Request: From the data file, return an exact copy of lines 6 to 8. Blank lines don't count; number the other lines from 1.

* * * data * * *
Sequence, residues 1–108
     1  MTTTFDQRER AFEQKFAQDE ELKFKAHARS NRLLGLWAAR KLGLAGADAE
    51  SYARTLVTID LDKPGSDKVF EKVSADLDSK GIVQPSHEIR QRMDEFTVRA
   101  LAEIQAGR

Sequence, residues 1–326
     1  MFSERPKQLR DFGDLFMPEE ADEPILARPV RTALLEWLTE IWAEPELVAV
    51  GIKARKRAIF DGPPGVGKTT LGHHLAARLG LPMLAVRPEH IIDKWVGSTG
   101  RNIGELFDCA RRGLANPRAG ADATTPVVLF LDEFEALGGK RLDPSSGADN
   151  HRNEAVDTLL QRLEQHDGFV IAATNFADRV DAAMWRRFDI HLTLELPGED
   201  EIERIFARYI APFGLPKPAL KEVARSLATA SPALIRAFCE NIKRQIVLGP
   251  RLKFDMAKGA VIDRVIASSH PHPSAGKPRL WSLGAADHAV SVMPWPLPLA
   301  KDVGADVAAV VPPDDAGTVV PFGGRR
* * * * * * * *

     1  MFSERPKQLR DFGDLFMPEE ADEPILARPV RTALLEWLTE IWAEPELVAV
    51  GIKARKRAIF DGPPGVGKTT LGHHLAARLG LPMLAVRPEH IIDKWVGSTG
   101  RNIGELFDCA RRGLANPRAG ADATTPVVLF LDEFEALGGK RLDPSSGADN